Now the Spartans have an even worse leader named Nabis. He used a statue to take money from anyone he wished by asking a rich person to donate their money to the statue, and if they refused, the statue grabbed the man and pulled him closer to the statue, where there was hidden knives and sharp points, so if the rich man did not consent to give Nabis the money, he would be tortured to death.

Chapter 114

Now there comes a new character, Philopoemen, who was a very good (Greek) man. He wanted to destroy the Spartans and did just that. Now Rome captured him and tortured him to death and his last words were, “I die happy, since the Achaens are safe”. He is called the Last of the Greeks, because he was the last to try and maintain Greece’s independence. Soon the Achaens took revenge and killed his enemies.

Chapter 115: The Last Chapter

The Greeks had a tradition of the celebration of the Isthmian Games, held in honor of Poseidon. The Romans also liked to witness these games now that there was peace between them. One day the Romans announced that Greece was now free, but only for a while, as the Romans captured Greece finally, and Greece became part of Rome.


THE END (It’s just like this story to end on a bad note, right?)

The Story of the Greeks: Chapters 97-100

I haven’t been posting about this book because most of the stories are the usual stereotypical ones you might associate with Greek Mythology (ex. Perseus, Theseus and the Minotaur, Jason and the Argonauts, Daedalus and the Labyrinth, etc).

Warning: The parts in between these chapters has funny lines. If you cannot handle the amazingness of this narration, I suggest reading it anyway. 😉 If you do not know what the stories I mention above are, I suggest using Wikipedia.

This story is about Alexander the Great and Darius. I am switching between reading and posting the chapter I just read, so here I go.

Chapter 97

Alexander and Darius fight, Darius loses and is forced to flee. Alexander captures his mother, his wife, and other various assorted relatives. The Persian ladies begged for mercy and Alexander treats them kindly and asks them if, instead of sitting around all day, they would like to be taught to weave, like Greek ladies do. Sisygambis, Darius’s wife, asks if he wanted to make slaves of them. Persian ladies don’t like any type of work, considering it a disgrace (in other words, they are lazy).

(Now reading Chapter XCVIII, or 98)
We’ll be back after this short break

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We hope you enjoyed this funny ad brought to you by (some business name goes here), now back to the show narration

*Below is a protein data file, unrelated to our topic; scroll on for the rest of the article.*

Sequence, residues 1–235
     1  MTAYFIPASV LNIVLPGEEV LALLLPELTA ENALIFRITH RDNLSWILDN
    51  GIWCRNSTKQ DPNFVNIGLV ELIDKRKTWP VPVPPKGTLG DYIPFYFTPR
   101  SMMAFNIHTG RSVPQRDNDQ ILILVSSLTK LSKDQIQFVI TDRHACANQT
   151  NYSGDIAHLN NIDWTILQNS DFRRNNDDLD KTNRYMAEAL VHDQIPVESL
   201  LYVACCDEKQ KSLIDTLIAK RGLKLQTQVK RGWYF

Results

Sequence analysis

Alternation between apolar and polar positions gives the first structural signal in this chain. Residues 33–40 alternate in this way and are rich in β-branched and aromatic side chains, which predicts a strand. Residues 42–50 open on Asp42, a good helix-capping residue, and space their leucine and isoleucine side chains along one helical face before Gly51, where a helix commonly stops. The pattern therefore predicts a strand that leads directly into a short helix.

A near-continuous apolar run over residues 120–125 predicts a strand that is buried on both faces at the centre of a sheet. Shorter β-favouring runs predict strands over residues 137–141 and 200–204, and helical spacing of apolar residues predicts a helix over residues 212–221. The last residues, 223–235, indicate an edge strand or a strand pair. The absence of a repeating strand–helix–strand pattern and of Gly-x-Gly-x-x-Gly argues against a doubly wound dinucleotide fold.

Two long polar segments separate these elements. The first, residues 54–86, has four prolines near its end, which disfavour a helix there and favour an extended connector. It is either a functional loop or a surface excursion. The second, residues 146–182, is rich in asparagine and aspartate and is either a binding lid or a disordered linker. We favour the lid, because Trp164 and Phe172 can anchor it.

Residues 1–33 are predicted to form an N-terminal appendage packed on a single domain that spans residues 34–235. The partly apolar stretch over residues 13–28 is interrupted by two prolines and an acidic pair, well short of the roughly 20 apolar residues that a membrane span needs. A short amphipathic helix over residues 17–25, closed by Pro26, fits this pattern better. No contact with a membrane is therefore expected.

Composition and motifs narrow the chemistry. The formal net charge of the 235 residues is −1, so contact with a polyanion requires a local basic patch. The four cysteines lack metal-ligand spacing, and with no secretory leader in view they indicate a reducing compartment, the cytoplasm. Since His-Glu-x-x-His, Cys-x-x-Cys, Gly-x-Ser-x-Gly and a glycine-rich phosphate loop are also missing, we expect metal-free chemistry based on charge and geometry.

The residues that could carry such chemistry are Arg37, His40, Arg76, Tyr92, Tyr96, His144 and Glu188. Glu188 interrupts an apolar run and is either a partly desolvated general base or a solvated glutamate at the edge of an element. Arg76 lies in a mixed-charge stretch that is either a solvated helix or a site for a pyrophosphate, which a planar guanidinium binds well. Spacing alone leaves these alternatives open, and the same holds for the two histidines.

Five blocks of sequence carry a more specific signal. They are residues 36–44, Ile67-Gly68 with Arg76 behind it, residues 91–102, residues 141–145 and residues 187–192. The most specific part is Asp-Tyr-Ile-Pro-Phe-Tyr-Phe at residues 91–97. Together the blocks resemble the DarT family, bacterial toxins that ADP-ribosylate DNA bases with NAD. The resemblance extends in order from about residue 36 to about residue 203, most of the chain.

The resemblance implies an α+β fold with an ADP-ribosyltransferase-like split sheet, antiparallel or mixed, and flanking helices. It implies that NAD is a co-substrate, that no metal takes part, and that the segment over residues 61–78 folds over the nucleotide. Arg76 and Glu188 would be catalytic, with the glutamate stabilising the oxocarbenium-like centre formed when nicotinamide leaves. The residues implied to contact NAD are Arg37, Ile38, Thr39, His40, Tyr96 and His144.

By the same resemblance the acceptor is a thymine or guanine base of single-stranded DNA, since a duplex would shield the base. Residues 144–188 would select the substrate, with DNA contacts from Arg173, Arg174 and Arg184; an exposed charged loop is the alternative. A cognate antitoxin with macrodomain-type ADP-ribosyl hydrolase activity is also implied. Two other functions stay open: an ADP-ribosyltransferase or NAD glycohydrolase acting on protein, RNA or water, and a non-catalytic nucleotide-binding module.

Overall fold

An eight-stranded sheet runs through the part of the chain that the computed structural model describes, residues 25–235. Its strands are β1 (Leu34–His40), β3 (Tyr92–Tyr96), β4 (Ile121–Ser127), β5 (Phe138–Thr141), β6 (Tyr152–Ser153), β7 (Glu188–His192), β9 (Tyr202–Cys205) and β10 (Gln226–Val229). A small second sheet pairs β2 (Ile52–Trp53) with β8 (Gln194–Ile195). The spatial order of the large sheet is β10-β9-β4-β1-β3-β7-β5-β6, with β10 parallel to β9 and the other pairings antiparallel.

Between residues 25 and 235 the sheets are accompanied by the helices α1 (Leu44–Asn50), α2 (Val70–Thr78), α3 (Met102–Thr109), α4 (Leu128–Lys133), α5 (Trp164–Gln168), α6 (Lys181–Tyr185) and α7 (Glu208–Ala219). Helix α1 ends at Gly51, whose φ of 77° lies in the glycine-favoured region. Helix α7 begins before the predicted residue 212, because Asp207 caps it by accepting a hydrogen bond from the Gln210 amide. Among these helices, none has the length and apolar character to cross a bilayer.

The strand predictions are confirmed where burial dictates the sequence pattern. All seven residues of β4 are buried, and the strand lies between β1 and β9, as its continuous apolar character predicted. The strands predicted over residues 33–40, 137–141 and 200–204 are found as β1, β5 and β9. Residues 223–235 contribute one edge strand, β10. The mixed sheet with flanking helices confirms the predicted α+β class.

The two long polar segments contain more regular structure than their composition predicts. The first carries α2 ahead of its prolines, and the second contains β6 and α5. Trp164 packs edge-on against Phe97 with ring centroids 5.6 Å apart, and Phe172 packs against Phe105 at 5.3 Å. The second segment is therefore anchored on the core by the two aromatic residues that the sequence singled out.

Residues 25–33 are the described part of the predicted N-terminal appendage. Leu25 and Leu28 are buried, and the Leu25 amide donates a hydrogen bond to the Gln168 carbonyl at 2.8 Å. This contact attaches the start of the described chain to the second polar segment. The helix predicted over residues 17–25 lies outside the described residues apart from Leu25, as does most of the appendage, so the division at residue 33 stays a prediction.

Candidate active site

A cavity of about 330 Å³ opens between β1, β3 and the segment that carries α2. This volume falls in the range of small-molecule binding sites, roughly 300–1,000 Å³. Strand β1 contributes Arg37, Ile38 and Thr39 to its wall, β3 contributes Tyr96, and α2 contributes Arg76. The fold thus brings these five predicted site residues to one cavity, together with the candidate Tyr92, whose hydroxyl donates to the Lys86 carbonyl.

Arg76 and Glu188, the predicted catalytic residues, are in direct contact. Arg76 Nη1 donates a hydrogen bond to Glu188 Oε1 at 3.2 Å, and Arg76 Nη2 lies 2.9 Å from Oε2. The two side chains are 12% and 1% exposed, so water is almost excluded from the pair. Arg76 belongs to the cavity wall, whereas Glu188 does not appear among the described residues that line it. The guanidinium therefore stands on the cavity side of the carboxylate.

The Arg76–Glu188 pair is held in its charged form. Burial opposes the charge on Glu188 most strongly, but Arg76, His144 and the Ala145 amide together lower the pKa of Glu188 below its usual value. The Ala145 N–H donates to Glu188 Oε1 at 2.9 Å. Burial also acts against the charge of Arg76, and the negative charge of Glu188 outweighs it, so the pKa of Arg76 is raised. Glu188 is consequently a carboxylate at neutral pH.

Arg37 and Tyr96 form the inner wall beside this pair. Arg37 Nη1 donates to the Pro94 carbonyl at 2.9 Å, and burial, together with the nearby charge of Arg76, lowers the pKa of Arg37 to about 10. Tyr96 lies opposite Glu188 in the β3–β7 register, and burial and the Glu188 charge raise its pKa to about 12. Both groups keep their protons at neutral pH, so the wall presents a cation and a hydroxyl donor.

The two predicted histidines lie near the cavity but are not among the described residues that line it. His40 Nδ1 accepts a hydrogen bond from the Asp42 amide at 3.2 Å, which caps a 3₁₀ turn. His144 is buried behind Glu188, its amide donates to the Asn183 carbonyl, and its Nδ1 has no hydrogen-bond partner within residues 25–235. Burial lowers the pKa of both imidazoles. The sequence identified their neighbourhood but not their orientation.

Chapter 98

Before going after Darius, Alexander decides to conquer some other cities, such as Damascus and Sidon. When he came to Tyre, the Tyrians refused to give in and Alexander laid siege to the city. When he finally conquered them, he crucified some of the richest people in Tyre. Next up on his list for conquering a lot of places: Jerusalem.

When the Jews heard of this, they were afraid that he would totally decimate, conquer, utterly destroy and blow them up (not that last one, Trinitrotoluene (TNT) hadn’t been invented yet (Fun Fact: TNT was originally used as a dye in 1863))

Jaddua, a priest, prayed to God and had a vision saying for the Jews to make a procession, in all their fine clothes. When Alexander saw this, he bowed down to Jaddua, saying that he had a vision that a man named Jaddua would lead him through Jerusalem safely.

You should take this time to make yourself a sandwich while I read the next chapter. Although, this will be published with all the chapters at once, so you can read them all at once, so you don’t need to take all that time to make a sandwich (which reminds me, I’m hungry, but you didn’t need to know that, but I wanted to say it, so you now know that I was hungry at 12:25 PM Mountain Time, Feb. 25th, 2014)

Chapter 99

Alexander continues on, and conquers Egypt, and near the Nile, he founded a new city, and humbly named it Alexandria, after himself. He decides to go see a temple dedicated to Jupiter, but the only way to it is to cross the treacherous, foreboding, ominous and dangerous desert. He decides to go. Many of their animals die, but for a noble cause (for Alexander to look at a temple). They make it in the end, and continue the chase after Darius and the Persians.

They have a battle, which ends in Darius bravely running away cowardly.

I think, since this is getting long, I’ll split this narration into 2 parts, so the next part will be Chapters 101-106.

Chapter C (or 100, for those of you who don’t know Roman Numerals)

Alexander goes to Babylon, and stays there for a month. He then continues the chase after Darius. While this was going on, the Persian Queen’s mother died. Alexander now becomes very vain, and forgets everything that Aristotle taught him. After pursuing Darius for a long time, a traitorous, murdering, evil follower of Darius kills him. Thinking that Alexander would show him kindness for killing his enemy, he goes to him and boasts of what he did. Alexander decides to kill him. The End

Now I am going to take a lunch break before continuing into the next post